Friday, July 25, 2014

That Ol' Time Religion

Here's the start of the Viking-age Mythos project.  Conceptually, I'm aiming for a collection of items that a 10th century Norse cultist would have on hand.  The centerpiece is Fox Henderson's excellent Norse Cthulhu idol. Frankly, the pictures don't do it justice. It's a beautiful sculpt and the piece has a really nice heft to it.

The coins are hand-struck reproductions of period examples ranging from Middle Eastern Dirhems to Viking silver pennies. They're based on documented examples recovered from buried Viking hoards.  A black wash will bring out the details of the coin faces.

The amber Elder Sign is the polymer clay test piece I mentioned last week.  It does a good job of replicating the look of the real stuff and I plan on doing a number of small faux-amber items.  The Elder Sign is just a stand-in at this point, since it obviously makes no sense for a cultist to have one. 

The flint and steel are, well, flint and steel.  C-shaped strikers are period, but I'm going to try and track down one with some interesting ornamentation.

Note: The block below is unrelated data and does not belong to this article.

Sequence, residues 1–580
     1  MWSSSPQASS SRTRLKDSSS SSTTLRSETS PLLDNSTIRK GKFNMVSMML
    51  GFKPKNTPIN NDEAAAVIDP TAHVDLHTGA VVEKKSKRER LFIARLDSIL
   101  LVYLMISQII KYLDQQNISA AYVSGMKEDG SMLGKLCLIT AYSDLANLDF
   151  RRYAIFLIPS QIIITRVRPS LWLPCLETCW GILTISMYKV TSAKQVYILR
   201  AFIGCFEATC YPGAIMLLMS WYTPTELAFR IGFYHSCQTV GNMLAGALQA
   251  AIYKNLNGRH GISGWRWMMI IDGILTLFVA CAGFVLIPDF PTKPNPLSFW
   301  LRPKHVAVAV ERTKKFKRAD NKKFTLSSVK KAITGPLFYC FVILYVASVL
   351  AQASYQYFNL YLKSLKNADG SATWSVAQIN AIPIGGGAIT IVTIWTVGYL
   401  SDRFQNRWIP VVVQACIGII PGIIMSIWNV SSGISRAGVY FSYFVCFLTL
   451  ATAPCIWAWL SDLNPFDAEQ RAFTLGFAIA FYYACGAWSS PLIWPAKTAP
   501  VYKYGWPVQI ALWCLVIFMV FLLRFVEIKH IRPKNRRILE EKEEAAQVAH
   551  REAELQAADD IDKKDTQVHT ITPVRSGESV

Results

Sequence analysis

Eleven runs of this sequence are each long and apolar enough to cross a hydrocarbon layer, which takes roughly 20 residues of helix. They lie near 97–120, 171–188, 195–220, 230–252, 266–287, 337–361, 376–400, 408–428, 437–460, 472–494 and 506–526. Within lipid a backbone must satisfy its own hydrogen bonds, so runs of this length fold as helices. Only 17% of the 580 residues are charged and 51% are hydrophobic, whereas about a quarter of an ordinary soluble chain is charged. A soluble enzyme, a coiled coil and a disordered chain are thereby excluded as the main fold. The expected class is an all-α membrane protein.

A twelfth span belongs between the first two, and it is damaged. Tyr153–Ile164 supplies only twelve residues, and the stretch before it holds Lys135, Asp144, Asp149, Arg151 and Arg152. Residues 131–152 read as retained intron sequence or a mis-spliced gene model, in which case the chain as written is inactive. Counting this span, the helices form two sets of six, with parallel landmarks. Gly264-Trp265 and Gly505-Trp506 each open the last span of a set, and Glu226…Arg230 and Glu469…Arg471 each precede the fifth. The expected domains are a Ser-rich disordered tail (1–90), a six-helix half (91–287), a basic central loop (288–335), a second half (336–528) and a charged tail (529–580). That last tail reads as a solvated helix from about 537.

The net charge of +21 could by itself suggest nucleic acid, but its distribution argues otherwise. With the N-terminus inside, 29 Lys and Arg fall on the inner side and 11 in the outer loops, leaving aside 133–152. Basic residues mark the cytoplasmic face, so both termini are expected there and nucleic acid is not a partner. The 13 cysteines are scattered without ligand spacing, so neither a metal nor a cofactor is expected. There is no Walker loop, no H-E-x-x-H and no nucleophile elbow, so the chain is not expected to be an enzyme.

choctawgh said...

Hi, this looks awesome. Where did you get the coins?

gndn said...

Where'd you get the coins? Alpha Officium?

CoastConFan said...

I see you are working towards a New World Viking hoard. You need a soap stone box to house your goodies. Flint strikers go from the plain types to some very sophisticated decorated strikers. It’s nice to see modern blacksmiths reproducing them these days. Most iron age and later cultures used strikers at one point or another in their history. It beats using friction or waiting for lightening to strike. Then again, I am partial to the fire piston as an ingenious method for making fire.

The best one stop shop for Viking fire strikers:

bea said...

I reccomend a "seax" or "sax" knife. Even a small one, it was the "jacknife" of the viking age. And some silver (prefferably hammered) jewelry. Vikings had a real THING for silver. They STOLE everything they could get their hands on but they seemed to trade, or sell the gold and keep the silver.

Propnomicon said...

@ choctawgh and gndn

It is indeed the Viking set from Alpha Officium. Simply outstanding work.

@ CoastConFan

Thanks for those links. The "Viking Answer Lady" page is going to cost me money. I saw those rock crystal firestarters and started to drool.

@ bea

I've been trying to find a small knife, but the prices for hand forged ones are a bit intimidating. I may order one of the junk "medieval" knives from Pakistan and re-handle it.